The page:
out the dam-removal project on the Elwha River — already the
biggest anywhere in the world — is even larger than
In the project, long predicted to affect more than 24
million cubic yards of sediment, the amount of sediment once
impounded by the dams is actually about 34 million cubic
yards, said Barb Maynes, spokeswoman for the National Park
The park service is in charge of the $325 million project,
which began in September 2011.
The new estimate is partly the result of discovering a
long-standing error in mapping Lake Mills, with elevations
recorded 20 feet higher than they really were back in 1917,
Those incorrect measures were passed along in a 1976 map
used by engineers in their sediment estimates for the dam
removal project, because the 1976 map had been marked as
corrected — when it wasn't.
The error eventually was detected when it became clear the
elevations recorded on the two maps were the same. Further,
as scientists walked the landscape in surveys since dam
removal started, the emerging landscape wasn't matching the
"The mistake has finally been located and corrected," Maynes
Scientists have long understood that management of the
immense amount of sediment stuck behind the dams would be
the trickiest part of the project, driving everything from
the pace of dam removal to mitigation needed to accommodate
The revised sediment estimates are still within the
capacities of mitigation projects built to manage sediment
released by the dam removal project, Maynes said, from
higher levees to water-treatment plants.
But there already have been surprises, and there are likely
to be more, as the unprecedented project takes its course.
Dam removal has been put on hold for at least a month,
beginning in January, as contractors work to modify an
industrial water treatment plant built as part of the dam
removal project to protect the quality of water used in a
new tribal hatchery, a state salmon rearing channel, and
water used by a Port Angeles paper plant.
Intake screens at the plant became clogged with leaves and
sticks transported by the river after winter storms, leading
to a cascade of malfunctions, including settling tanks that
had to be repeatedly cleaned out, Maynes said.
None of the malfunctions was serious enough to harm the
facilities the water-treatment plant protects, or to disrupt
their function, Maynes said, although they had to operate
with less than the promised quality of water the plant is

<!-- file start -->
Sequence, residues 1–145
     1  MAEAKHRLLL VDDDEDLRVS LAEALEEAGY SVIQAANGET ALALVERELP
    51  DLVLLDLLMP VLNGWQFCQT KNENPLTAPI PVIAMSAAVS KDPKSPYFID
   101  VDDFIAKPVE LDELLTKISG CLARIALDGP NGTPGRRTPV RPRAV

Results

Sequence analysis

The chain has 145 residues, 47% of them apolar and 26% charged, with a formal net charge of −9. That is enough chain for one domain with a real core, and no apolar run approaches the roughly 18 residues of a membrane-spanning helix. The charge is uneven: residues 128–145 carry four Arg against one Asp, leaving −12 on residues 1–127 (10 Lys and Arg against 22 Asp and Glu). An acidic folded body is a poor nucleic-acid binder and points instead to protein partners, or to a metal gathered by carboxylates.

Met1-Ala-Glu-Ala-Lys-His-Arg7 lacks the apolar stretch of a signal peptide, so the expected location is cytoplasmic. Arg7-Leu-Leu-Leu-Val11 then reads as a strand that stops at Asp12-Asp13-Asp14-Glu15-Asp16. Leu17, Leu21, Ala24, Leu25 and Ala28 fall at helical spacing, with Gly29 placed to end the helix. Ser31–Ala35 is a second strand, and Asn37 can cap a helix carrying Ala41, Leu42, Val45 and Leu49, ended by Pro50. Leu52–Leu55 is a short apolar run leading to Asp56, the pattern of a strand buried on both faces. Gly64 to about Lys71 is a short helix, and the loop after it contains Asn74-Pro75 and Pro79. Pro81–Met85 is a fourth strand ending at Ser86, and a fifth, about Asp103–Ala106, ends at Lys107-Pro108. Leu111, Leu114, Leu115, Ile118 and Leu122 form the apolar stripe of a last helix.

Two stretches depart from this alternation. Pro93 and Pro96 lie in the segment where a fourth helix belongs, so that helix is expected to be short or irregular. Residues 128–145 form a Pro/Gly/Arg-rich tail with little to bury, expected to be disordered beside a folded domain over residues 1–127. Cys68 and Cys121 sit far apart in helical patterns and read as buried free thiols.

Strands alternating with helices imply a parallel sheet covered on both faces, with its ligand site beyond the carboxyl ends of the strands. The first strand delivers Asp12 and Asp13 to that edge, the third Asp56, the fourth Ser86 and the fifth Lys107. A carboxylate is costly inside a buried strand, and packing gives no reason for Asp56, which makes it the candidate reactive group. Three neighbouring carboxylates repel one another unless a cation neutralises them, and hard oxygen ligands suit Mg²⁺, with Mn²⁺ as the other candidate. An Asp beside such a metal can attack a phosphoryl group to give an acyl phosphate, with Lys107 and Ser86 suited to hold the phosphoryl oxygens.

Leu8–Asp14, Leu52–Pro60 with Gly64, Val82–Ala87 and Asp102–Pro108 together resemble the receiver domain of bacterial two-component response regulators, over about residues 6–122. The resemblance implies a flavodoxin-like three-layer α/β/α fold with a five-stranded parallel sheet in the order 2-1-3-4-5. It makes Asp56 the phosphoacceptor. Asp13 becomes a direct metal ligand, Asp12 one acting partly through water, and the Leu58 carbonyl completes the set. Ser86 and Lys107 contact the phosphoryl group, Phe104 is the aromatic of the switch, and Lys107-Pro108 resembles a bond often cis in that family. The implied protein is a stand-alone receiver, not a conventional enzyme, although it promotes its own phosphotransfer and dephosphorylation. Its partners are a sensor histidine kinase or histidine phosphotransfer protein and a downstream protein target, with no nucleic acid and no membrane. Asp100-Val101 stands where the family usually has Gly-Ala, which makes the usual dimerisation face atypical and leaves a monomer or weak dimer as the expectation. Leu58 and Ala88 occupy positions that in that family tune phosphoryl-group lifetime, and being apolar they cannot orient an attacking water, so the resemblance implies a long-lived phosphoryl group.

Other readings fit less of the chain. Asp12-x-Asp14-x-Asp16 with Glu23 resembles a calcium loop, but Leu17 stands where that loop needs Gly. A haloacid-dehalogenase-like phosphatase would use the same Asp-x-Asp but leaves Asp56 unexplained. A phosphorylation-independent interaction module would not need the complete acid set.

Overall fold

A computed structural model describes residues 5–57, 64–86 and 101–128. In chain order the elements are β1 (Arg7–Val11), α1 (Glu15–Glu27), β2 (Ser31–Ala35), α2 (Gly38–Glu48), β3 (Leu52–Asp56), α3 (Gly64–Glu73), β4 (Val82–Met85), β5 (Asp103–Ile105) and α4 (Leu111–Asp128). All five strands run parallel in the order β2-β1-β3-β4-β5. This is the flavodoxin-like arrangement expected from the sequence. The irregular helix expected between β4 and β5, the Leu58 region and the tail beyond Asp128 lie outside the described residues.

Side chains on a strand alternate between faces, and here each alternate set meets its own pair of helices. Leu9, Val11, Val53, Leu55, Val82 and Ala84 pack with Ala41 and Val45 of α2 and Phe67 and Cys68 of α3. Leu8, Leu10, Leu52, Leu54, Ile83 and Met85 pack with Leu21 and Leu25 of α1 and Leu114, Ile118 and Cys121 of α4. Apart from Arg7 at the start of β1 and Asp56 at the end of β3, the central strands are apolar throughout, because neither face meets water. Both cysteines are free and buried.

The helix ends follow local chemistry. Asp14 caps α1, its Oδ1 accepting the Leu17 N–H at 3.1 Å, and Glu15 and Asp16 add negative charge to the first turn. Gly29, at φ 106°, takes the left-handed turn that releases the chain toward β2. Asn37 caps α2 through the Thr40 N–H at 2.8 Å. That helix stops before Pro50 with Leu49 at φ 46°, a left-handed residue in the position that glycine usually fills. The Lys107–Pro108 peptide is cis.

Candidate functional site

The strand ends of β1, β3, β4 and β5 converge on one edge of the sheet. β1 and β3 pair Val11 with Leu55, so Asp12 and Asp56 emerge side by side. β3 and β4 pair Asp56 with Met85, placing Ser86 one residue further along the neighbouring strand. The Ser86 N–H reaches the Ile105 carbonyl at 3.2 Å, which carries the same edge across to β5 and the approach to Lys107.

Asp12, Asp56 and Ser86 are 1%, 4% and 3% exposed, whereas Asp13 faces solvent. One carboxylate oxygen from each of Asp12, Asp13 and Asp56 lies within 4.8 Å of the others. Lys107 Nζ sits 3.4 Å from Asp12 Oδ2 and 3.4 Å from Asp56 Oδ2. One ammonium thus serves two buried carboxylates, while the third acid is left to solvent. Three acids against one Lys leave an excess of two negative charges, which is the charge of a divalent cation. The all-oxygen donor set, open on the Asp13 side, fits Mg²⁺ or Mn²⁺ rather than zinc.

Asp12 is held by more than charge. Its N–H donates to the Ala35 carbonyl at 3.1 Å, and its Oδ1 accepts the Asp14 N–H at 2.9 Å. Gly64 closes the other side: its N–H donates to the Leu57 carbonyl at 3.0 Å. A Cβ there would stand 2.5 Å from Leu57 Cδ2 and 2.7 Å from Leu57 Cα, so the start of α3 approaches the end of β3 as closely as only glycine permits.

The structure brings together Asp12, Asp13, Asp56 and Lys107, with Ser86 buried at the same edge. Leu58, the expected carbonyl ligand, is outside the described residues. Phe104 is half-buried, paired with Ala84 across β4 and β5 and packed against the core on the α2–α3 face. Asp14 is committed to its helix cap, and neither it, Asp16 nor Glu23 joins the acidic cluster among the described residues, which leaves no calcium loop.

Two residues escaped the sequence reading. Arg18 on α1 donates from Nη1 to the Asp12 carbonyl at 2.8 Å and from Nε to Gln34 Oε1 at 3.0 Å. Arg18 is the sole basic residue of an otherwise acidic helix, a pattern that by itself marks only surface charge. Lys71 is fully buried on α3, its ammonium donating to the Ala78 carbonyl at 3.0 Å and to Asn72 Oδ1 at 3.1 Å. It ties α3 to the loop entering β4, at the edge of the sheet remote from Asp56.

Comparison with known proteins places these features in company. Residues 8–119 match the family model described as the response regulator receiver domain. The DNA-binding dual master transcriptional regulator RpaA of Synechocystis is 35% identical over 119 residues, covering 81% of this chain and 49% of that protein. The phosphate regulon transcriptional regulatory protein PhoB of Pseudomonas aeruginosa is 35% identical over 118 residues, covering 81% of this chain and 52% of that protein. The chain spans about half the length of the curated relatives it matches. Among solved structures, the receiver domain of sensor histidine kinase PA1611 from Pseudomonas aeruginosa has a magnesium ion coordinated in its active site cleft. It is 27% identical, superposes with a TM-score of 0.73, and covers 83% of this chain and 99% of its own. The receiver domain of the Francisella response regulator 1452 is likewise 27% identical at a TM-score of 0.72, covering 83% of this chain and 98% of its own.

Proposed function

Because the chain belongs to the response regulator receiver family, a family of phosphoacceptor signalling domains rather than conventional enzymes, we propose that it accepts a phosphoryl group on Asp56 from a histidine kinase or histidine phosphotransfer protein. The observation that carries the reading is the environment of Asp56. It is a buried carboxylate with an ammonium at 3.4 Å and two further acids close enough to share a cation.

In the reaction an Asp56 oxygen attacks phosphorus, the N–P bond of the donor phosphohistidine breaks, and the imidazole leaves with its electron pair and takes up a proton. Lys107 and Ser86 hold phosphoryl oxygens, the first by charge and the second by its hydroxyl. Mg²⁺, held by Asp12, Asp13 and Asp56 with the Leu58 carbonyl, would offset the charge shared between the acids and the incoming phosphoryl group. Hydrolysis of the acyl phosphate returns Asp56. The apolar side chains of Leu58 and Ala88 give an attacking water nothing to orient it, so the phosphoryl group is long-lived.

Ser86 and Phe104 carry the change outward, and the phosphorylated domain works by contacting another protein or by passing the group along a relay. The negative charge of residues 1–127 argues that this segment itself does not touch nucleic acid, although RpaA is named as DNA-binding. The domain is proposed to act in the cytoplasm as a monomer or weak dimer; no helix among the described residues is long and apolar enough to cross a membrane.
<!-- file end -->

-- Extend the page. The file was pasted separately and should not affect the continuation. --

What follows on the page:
supposed to deliver.
Work on the plant has meant shutting down removal of Glines
Canyon Dam for a month, to avoid disturbing more sediment
until the plant is back in satisfactory shape, Maynes said.
She did not have an estimate on the cost of the work, or
know who would pay for it.
Elwha Dam was built in 1910 in the lower river without fish
passage, and was removed last March. Glines Canyon Dam,
built about eight miles upriver, is about two-thirds gone.
Contractors should be able to stay on schedule even with the
delay this month and get that dam out by summer, Maynes
The dam-removal project had no peer in terms of the amount
of sediment that scientists are managing as the dams come
down — even before the estimate got bigger.
At 210 feet tall, Glines Canyon Dam also is the tallest dam
Already the project has opened about 25 miles of spawning
habitat for fish. Pinks, chinook, steelhead and coho have
all been spotted utilizing every portion of the new habitat,
from side channels to the main stem.
Biologists counted 203 redds dug above the former Elwha Dam
site after more than 500 adult chinook surged into upriver
with the removal of Elwha Dam. And while scientists saw
salmon carcasses along the river last year, this year they
are only seeing pieces.
Animals are eating the fish coming back to the river, from
otters to bears to water ouzels, in the beginning of a
broader, ecosystem recovery, said John McMillan, a biologist
frequently surveying the river for NOAA fisheries.
The survival of thousands of new plantings in the emerging
landscape of the former lake beds has also been much better
than predicted, with only about 8 percent of the plants
dying off in the first year, despite a very dry summer, said
Joshua Chenoweth, who is helping to lead the replanting
Sediment the plants are growing in retained moisture from
the former lakes well into September, Chenoweth said, giving
new plants a good start.
Lynda V. Mapes: 206-464-2736
On Twitter @lyndavmapes.